In fact, the page of the reference manual on term orderings specifies which orders are "global", but it does not specify what this means (this notion is not present in the textbooks I used to work with, and I suspect that some users won't know about it). It does not say that most routines are broken on the non-global orders. This could possibly be confusing to some users. We should at least mimic the singular documentation on term orderings, which is much more explicit and less confusing about all this.

comment:8 Changed 7 years ago by mstreng

I assume "local" here means "locally around (0,0)" (which is the only interpretation of the word "local" that makes sense to me in this context). Then these algorithms are not for the ring QQ[x,y], but for the localization (or maybe the completion) of that ring at (x,y), i.e., these algorithms assume that all polynomials f with f(0,0)!=0 are invertible. So the Groebner basis [1] with dimension -1 makes complete sense, as the ideal is the unit ideal locally at (0,0).

I don't know about the design of these PolynomialRing objects with "order=", and I don't know how Singular works, so I don't know whether what happens here is "wrong". Maybe the functionality of the local orderings is in the wrong place? Or maybe even though it only makes sense mathematically for localizations, it is a function of polynomials for efficiency reasons?

comment:9 Changed 7 years ago by Bouillaguet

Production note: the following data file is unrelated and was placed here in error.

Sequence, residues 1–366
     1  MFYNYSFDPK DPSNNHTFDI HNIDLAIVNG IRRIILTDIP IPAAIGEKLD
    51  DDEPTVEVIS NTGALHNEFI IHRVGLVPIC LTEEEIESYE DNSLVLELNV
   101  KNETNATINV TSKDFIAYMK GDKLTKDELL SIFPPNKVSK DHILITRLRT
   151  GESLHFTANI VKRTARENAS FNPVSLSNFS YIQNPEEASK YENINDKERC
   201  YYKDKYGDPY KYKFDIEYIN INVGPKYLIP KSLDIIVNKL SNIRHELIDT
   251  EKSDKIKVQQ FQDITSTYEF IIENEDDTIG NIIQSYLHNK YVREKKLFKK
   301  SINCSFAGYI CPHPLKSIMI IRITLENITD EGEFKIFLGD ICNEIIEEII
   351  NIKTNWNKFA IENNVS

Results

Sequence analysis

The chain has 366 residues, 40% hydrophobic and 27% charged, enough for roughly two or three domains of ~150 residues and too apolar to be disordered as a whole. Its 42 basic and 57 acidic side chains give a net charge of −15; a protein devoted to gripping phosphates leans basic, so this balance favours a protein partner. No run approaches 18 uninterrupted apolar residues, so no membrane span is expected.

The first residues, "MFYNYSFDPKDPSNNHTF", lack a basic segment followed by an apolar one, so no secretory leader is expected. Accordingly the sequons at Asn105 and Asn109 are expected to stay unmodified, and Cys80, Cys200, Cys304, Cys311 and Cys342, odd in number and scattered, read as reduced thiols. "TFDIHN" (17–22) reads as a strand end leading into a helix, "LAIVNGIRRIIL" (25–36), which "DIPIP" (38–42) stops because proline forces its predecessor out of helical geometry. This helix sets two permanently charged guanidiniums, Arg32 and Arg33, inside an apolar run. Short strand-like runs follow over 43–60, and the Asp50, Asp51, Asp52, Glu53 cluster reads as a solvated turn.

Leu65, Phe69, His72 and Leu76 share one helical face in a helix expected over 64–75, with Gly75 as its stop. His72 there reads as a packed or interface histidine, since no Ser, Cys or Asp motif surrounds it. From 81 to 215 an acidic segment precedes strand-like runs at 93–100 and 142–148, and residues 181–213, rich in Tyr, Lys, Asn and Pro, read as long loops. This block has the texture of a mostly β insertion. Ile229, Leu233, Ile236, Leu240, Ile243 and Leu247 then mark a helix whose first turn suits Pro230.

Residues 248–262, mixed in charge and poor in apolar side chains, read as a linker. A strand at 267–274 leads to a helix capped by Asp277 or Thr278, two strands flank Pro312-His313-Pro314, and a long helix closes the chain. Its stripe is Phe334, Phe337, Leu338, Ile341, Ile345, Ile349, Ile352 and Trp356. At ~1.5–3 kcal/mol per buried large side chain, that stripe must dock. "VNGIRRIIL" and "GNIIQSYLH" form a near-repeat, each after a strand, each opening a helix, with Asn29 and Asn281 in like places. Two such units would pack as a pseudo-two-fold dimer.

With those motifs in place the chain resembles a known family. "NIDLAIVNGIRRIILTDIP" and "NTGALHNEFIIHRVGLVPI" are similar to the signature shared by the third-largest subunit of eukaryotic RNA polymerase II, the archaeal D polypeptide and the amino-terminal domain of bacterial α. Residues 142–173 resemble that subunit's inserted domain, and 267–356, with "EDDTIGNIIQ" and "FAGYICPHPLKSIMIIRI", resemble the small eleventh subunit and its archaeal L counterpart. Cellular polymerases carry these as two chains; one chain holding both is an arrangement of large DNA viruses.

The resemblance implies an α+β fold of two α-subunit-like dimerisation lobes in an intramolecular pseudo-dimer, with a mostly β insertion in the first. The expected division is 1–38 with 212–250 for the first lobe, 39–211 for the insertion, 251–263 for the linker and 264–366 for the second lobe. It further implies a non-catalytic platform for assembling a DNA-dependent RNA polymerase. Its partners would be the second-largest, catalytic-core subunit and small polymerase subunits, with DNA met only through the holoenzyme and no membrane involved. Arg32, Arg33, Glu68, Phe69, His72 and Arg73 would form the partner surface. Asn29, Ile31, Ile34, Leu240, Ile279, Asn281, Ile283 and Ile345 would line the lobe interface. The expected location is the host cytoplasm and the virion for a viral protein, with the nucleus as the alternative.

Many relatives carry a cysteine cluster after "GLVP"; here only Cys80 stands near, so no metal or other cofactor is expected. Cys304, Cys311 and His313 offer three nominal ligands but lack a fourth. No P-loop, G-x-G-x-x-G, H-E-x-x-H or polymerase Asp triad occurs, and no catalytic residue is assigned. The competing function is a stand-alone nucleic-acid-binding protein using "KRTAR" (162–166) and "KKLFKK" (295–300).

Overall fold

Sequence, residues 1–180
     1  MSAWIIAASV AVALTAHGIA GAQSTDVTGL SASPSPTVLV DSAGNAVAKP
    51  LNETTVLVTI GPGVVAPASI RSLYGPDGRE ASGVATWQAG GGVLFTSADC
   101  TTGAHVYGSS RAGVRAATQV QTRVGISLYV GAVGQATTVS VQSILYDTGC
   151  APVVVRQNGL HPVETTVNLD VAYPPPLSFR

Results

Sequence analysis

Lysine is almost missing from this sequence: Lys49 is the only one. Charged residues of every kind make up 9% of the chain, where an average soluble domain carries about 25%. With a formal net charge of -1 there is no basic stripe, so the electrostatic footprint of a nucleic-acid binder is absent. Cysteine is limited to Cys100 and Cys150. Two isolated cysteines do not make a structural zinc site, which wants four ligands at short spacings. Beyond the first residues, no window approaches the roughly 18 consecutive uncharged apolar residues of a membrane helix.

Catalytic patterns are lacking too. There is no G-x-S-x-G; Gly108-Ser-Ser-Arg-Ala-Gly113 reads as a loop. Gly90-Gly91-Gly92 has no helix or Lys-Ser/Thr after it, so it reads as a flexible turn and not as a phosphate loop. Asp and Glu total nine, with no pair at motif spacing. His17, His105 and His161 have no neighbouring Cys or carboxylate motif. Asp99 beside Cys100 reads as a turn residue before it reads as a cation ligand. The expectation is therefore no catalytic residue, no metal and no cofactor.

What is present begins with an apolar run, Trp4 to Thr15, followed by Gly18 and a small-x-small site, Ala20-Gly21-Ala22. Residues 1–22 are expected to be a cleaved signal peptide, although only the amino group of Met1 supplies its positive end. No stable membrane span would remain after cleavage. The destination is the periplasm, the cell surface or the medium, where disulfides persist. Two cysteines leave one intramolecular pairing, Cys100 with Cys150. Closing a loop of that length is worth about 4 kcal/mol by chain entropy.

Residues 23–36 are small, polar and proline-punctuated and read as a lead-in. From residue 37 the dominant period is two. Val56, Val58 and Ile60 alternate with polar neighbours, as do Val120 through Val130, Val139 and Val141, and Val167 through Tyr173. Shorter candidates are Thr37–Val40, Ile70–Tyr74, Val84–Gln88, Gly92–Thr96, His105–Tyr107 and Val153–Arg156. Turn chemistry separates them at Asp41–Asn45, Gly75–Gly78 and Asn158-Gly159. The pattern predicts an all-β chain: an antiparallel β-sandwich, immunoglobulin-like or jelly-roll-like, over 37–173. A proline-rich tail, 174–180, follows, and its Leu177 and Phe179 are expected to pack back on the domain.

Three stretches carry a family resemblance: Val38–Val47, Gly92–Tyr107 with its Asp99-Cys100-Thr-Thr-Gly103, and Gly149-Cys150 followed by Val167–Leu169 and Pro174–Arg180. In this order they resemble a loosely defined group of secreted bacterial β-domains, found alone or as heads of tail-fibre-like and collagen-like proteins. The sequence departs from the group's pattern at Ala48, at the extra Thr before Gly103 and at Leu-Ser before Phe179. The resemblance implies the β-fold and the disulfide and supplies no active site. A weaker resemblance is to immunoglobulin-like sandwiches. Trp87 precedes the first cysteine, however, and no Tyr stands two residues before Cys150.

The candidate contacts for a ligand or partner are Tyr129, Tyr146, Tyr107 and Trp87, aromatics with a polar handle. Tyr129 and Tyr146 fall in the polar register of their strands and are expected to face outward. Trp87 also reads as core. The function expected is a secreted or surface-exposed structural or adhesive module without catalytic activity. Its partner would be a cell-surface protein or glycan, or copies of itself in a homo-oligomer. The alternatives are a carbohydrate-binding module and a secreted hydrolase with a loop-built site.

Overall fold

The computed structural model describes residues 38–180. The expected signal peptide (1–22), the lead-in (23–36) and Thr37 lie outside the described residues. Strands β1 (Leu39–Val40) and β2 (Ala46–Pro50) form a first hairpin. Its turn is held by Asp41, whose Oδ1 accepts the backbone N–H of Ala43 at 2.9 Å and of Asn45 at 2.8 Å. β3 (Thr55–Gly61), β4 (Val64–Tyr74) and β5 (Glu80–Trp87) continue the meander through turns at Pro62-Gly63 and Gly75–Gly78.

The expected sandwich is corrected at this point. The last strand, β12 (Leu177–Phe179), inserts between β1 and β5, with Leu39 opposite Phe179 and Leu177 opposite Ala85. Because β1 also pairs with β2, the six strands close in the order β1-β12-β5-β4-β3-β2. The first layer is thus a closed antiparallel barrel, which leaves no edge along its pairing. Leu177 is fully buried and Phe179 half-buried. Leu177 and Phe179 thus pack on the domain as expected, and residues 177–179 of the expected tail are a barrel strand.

While this "functionality" may have some use, it is very confusing. The content of an ideal should not depend on the term order. Either a given polynomial belongs to I, or it doesn't --- the order plays no role here. However, currently we allow the counter-intuitive example in comment 3, where the term order influences the content of an ideal.

This (indirectly) surprised vbraun, the original author of the ticket, and I don't like it either. It looks like a computational hack is exposed to the user, and messes with the usual mathematical definitions.

If the functionality is useful, we should probably not remove it, but we should at least be very explicit that contrarily to what one would expect following the usual textbooks, some orders will change the contents of your ideals.

comment:10 Changed 7 years ago by Bouillaguet

In fact, we have two options :

  • either we close this ticket as invalid, acknowledging that the use of "local" orders is fine, and that users should know what they are doing (i.e. the singular approach).
  • or we prevent users from using "local" orders in the same way they would use normal orders (for instance by requesting them to explicitly pass a Localization=True flag to the PolynomialRing constructor). This way, our intuitive understanding of most properties (e.g., the ideal dimension, or content) would not depend on the term order, unless the user explicitly says so.

I vote for the second one...

Charles

comment:11 Changed 5 years ago by nbruin

I concur that "neglex" should not be allowed as a term order on a *polynomial ring*. Instead, we can have LocalPolynomialRing or something similar that interfaces somehow with this functionality in singular.

This looks like an abuse of terminology on the side of Singular. Probably one that is algorithmically very advantageous for them, but you clearly need to work very carefully with these rings, because there are now "units" in the ring for which the inverse is not expressible in the representation used:

sage: R.<x,y>=PolynomialRing(QQ,order='neglex')
sage: (1+x).is_unit()
True
sage: 1/(1+x)
1
sage: (1+x) * (1/(1+x))
1 + x

I am sure the functionality in singular is very useful, but we can't expose it in the way we're doing here.

comment:12 Changed 5 years ago by jakobkroeker

  • Cc jakobkroeker added